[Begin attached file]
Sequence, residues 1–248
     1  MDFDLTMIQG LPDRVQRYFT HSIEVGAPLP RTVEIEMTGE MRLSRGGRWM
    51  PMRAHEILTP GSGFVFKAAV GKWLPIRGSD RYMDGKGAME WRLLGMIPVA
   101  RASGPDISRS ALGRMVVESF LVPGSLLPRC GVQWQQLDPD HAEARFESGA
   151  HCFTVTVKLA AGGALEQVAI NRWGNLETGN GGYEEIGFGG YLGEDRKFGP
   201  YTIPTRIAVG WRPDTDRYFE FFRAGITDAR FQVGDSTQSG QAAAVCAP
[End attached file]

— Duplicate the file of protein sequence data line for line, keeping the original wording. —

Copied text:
Sequence, residues 1–248
     1  MDFDLTMIQG LPDRVQRYFT HSIEVGAPLP RTVEIEMTGE MRLSRGGRWM
    51  PMRAHEILTP GSGFVFKAAV GKWLPIRGSD RYMDGKGAME WRLLGMIPVA
   101  RASGPDISRS ALGRMVVESF LVPGSLLPRC GVQWQQLDPD HAEARFESGA
   151  HCFTVTVKLA AGGALEQVAI NRWGNLETGN GGYEEIGFGG YLGEDRKFGP
   201  YTIPTRIAVG WRPDTDRYFE FFRAGITDAR FQVGDSTQSG QAAAVCAP